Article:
No group has yet claimed responsibility, although the killing in the remote southeastern district of Bandarban appeared to bear a resemblance to several recent murders by suspected Islamist militants.
A troubling rise in violence in the South Asian nation has now seen seven murders since the start of last month alone.
“Villagers found Bhante (monk) Maung Shue U Chak’s dead body in a pool of blood inside the Buddhist temple this morning. He was hacked to death,” Jashim Uddin, deputy police chief of Bandarban, told AFP.
Uddin said the monk, 75, appeared to have been attacked by at least four people at the Buddhist temple in Baishari, some 350 kilometres (220 miles) southeast of Dhaka early Saturday morning.
“We saw human footprints in the temple and found that four to five people entered the compound,” he added.
He said U Chak was living alone in the hillside temple after having recently left farming to become a full-time monk.
A top Bangladeshi human rights lawyer who is close to the country’s Buddhist community told AFP that U Chak had received anonymous death threats.
“He became a monk just one and a half years ago. He had received death threats, but nobody took it seriously,” lawyer Jyotirmoy Barua said.
Bandarban is largely Buddhist, home to indigenous peoples who adopted the religion centuries ago.
Police district sub-inspector Anisur Rahman, who was at the scene, said that officers had not yet established a motive for the killing but that “it appeared the monk did not have any personal enemies”.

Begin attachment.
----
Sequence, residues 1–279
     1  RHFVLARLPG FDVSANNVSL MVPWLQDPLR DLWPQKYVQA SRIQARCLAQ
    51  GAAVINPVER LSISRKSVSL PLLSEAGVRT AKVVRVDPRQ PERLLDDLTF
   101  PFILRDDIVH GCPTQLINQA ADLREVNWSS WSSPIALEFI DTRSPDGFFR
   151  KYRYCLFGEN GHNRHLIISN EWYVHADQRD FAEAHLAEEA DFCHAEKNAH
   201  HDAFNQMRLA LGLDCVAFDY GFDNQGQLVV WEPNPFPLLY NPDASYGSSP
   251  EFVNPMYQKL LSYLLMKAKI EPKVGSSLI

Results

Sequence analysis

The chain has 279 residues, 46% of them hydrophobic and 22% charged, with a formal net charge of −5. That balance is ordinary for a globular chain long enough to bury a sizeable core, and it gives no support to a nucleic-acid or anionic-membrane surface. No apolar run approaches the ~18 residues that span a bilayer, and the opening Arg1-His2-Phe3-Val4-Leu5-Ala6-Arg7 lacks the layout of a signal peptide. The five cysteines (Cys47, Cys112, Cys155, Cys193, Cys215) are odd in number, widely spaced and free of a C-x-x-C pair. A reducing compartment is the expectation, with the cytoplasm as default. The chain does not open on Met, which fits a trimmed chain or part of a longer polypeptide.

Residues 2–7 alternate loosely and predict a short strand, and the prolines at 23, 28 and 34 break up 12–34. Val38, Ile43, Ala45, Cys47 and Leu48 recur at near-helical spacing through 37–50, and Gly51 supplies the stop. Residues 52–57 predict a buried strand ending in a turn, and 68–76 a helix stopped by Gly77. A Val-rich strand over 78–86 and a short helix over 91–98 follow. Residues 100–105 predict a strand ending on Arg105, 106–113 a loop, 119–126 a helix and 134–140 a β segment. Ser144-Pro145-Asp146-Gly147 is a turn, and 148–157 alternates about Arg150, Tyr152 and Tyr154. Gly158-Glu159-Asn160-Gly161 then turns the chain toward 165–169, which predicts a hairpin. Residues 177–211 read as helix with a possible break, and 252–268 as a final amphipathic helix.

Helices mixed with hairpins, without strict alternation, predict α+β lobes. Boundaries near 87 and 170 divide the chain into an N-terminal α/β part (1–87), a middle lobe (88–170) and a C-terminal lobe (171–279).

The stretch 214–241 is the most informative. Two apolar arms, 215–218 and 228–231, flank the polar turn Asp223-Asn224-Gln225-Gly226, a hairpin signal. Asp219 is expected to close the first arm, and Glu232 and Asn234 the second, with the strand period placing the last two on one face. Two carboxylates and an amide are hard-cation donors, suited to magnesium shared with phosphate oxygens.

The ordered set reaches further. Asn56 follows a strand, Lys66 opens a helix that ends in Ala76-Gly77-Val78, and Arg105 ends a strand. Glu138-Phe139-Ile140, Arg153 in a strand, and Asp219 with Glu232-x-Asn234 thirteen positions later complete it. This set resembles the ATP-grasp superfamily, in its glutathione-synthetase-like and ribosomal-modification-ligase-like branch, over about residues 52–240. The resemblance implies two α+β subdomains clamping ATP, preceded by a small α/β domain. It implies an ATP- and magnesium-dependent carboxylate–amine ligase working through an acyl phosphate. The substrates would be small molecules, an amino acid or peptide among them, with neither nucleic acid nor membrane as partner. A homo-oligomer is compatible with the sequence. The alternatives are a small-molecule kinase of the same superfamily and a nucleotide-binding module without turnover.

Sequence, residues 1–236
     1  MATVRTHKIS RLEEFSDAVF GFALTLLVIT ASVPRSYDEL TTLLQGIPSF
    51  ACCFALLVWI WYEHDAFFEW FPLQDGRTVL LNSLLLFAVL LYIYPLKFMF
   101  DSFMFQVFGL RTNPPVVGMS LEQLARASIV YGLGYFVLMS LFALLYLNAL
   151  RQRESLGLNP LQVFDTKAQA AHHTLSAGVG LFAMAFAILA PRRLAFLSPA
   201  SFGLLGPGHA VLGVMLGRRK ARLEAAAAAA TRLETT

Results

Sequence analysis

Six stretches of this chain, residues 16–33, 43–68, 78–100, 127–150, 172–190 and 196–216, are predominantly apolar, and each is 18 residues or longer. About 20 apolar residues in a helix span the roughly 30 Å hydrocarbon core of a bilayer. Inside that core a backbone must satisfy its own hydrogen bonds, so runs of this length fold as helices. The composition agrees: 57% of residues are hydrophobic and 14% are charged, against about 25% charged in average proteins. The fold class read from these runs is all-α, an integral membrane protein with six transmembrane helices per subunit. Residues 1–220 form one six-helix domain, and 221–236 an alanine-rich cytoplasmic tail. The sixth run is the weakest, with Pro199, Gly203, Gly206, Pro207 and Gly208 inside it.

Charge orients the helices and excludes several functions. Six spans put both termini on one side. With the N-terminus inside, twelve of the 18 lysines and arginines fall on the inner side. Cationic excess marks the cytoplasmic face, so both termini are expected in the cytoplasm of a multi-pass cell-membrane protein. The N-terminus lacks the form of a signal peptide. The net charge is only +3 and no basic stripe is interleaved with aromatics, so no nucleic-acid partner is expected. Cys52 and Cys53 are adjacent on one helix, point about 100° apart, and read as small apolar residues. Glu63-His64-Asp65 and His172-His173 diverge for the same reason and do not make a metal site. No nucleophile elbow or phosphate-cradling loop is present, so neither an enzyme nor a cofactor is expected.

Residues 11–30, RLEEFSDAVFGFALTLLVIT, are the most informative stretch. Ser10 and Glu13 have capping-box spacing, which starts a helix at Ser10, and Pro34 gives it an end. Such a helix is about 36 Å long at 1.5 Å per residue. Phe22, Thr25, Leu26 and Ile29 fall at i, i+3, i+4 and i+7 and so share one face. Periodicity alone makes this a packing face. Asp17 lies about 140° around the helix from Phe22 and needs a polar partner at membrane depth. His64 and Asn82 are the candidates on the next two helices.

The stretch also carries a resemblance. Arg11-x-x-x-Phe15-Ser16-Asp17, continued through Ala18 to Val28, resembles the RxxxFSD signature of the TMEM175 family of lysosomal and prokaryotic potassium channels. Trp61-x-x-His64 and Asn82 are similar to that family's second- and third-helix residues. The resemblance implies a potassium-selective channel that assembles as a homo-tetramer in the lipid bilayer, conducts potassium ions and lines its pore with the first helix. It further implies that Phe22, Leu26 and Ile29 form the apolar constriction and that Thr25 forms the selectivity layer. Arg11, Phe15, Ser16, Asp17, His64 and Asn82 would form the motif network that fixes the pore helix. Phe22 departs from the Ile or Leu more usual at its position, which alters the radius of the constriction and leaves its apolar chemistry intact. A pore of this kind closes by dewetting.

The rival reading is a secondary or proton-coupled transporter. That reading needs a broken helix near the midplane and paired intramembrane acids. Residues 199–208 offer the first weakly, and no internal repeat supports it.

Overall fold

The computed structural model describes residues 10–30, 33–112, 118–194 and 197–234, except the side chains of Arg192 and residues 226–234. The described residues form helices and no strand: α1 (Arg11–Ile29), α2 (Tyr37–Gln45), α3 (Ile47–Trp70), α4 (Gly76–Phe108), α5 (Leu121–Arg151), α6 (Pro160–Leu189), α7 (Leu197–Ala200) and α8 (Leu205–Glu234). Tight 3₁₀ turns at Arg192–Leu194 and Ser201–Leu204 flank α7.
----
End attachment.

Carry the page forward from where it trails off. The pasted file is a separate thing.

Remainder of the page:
The killing comes as suspected Islamists have been blamed for or claimed responsibility in dozens of murders of minority Sufi, Shiite and Ahmadi Muslims, Hindus, Christians and foreigners in recent years.
Saturday’s murder adds to a grim toll in past weeks, with an atheist student, two gay rights activists, a liberal professor, a Hindu tailor and a Sufi Muslim leader hacked to death since last month.
The Islamic State group and a Bangladeshi branch of Al-Qaeda have said that they carried out several of the killings.
But the secular government in Dhaka denies that IS and Al-Qaeda are behind the attacks, saying they have no known presence in Bangladesh, and blames the killings on homegrown militants.
Clashes broke out in Bangladesh last week after the main Islamist party called a nationwide strike to protest against its leader’s execution for warcrimes.
Jamaat-e-Islami party president Motiur Rahman Nizami was hanged late Tuesday following his conviction for the massacre of intellectuals during Bangladesh’s 1971 war of independence from Pakistan.
Bangladesh is predominantly Sunni Muslim, with small Christian and Hindu minorities.
Buddhists make up less than one percent of Bangladesh’s 160 million population.